The Honored Society: A Portrait of Italy's Most Powerful Mafia
“Most of The Honored Society isn’t about ’Ndrangheta at all. Ms. Reski didn’t have enough material for a full-length exposé . . .”
Petra Reski’s The Honored Society purports to be, and is being marketed as, an exposé of the ’Ndrangheta, the criminal organization based in the southern Italian region of Calabria that has expanded its operations throughout Europe.
But it’s really a Mafia romance.
A German journalist who has covered the organized crime beat for newspapers and in books, Ms. Reski details the economic and political power, and the horrific violence, of the ’Ndrangheta, and of Sicily’s La Cosa Nostra and Naples’ camorra gangs.
But her up close and personal accounts of some of Italy’s most notorious gangsters often betray not only a morbid fascination with these violent men and their crimes but also admiration for, and even infatuation with them. They—mafiosi, camorristi, ’ndranghetisti—do terrible things, but they’re bold, clever and enterprising, as well as rich and powerful.
There’s more than a whiff of fatalism in Ms. Reski’s Mafia romance. Prosecutors may prosecute, but Italy’s Big Three crime syndicates are too vast and entrenched, too connected to the worlds of politics and big business, for law enforcement to be much more than a minor annoyance. Ms. Reski thus feeds these criminals’ self-flattering mythology of themselves as omnipotent and indestructible.
In Godfather II, Hyman Roth told Michael Corleone that the Mafia was “bigger than U.S. Steel.” Ms. Reski tells us that the real, as opposed to reel mafias are bigger than any single industry. They are transnational combines with operations not only in Italy and Europe but worldwide. Their business interests are both illegal and legitimate. The legit enterprises, besides being cash cows, launder the profits from criminal activities.
None of this is news, of course, and that’s perhaps the most surprising thing about The Honored Society: how second-hand it all is. There’s little here that John Dickie didn’t report, with greater analytic rigor and insight, in his superb Cosa Nostra, the best English-language account of Italian organized crime, or Alexander Stille in Excellent Cadavers or Roberto Saviano in Gomorrah.
The inspiration for The Honored Society was the 2007 murders of six ’ndranghetisti in Duisburg, Germany, by a vengeance seeking rival faction.
The killings shocked Germans and alerted them to the unsettling presence of the ’Ndrangheta in their country. Reski set out to investigate, speaking with German and Italian law enforcement officials and visiting San Luca, the ’Ndrangheta-dominated Calabrian town that produced both the Duisburg assassins and their victims.
When The Honored Society was published in Germany a year after the Duisburg killings, Ms. Reski was threatened; soon afterwards, she faced lawsuits from two Italian businessmen she had named as organized crime associates. A court ruled in favor of the litigants and several passages of The Honored Society referring to these men were redacted. Ms. Reski’s German publisher has filed an appeal against the ruling with Germany’s highest court.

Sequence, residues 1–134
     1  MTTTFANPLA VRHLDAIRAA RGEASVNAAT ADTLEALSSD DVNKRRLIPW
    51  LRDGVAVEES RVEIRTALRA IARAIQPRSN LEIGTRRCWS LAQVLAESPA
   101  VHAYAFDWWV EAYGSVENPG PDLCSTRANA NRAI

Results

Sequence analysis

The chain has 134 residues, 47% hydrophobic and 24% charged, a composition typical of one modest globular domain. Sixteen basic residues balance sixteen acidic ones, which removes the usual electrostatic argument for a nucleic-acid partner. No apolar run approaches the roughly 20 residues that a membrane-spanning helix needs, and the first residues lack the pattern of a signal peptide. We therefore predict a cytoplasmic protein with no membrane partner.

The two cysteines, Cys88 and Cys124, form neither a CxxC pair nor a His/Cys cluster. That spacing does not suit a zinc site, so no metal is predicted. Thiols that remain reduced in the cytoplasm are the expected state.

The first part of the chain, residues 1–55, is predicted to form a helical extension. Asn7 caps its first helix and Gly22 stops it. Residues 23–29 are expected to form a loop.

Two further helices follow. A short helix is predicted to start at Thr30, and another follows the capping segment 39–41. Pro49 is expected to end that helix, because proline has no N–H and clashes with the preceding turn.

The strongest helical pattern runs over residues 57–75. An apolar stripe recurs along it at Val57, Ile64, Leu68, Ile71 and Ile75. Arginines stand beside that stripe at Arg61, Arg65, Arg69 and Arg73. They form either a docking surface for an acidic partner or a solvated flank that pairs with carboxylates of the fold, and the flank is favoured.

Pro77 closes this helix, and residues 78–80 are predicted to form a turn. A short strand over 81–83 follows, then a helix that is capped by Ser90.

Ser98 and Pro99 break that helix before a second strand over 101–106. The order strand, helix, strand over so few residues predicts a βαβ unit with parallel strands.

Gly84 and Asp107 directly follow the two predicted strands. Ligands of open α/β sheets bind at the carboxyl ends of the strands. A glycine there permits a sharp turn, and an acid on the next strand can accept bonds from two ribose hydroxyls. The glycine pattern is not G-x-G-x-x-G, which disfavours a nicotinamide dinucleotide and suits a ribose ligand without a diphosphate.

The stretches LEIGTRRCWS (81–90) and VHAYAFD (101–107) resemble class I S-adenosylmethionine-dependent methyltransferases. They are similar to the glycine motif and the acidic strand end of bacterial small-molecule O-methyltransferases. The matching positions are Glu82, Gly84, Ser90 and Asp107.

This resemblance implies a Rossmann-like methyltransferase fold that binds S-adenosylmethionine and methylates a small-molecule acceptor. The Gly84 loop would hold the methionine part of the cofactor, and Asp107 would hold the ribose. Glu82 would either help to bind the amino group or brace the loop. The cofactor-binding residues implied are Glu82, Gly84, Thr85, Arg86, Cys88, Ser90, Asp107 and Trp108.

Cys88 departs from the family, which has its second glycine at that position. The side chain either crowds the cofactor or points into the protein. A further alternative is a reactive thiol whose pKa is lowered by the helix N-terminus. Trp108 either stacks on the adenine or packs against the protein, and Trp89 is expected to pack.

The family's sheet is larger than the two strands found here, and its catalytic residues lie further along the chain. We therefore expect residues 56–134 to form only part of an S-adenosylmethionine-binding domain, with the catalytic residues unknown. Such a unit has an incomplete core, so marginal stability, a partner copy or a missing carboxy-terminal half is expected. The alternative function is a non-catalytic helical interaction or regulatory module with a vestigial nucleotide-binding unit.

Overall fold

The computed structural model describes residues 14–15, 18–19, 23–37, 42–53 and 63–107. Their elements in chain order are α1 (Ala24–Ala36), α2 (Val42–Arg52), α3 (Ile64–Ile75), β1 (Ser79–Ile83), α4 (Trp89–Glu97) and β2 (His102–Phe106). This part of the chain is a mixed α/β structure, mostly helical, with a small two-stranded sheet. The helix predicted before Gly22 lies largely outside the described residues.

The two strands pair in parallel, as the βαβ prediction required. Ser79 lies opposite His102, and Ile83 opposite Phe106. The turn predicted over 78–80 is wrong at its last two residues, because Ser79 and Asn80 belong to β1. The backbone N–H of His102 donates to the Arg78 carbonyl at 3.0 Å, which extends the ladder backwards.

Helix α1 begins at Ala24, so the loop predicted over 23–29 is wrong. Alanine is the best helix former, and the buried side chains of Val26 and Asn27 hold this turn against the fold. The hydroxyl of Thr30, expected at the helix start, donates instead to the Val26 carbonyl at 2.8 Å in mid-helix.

The redacted material, however, amounts to barely three pages of the book. Most of The Honored Society isn’t about ’Ndrangheta at all. Ms. Reski didn’t have enough material for a full-length exposé of the organization so she instead has padded the book with recycled Mafia history and recollections of her earlier adventures in Mafialand, mostly Palermo, in the company of Letizia Battaglia, a renowned photojournalist and anti-Mafia activist, and Battaglia’s daughter.
Uninformed readers may get the impression from Reski that these two women, along with a prosecutor or two and the odd civilian, are just about the only Sicilians opposed to the Mafia. Everyone else is either in it, complicit with it, or victimized by it.
Battaglia is admirable, even heroic, but she’s now nearly 80, bitter (understandably so) and basically irrelevant, since she’s no longer a significant figure in Sicily’s anti-Mafia movement. But she makes a great character in Ms. Reski’s Mafia romance: a long-suffering, chain-smoking mater dolorosa snapping photos and making sardonic observations about the Mafia and Sicily.
And poor Sicily—bad enough it’s plagued by the Mafia and bad governance—it also has to endure Ms. Reski’s racist stereotyping. To her, Sicily stinks—literally and figuratively. When she gets off the plane in Palermo, “damp, warm air pours in, smelling of Africa.” “Palermo’s breath smells of sulfur, dark soil and corruption.”
Even caponata—a luscious dish that’s one of the glories of Sicilian cuisine—becomes sinister, something only Sicilians can stomach.
Even worse, Ms .Reski writes as if the Mafia wasn’t the product of history and political economy—it’s inherent in Sicilians, part of their cultural DNA. The Honored Society promises to expose and sound an alarm about a truly dangerous phenomenon, the ’Ndrangheta.
This disjointed, repetitious, and anecdotal account fails to deliver on its promise. But it should give a vicarious thrill to Mafia-lit fans, confirming skewed, prejudicial notions about southern Italians.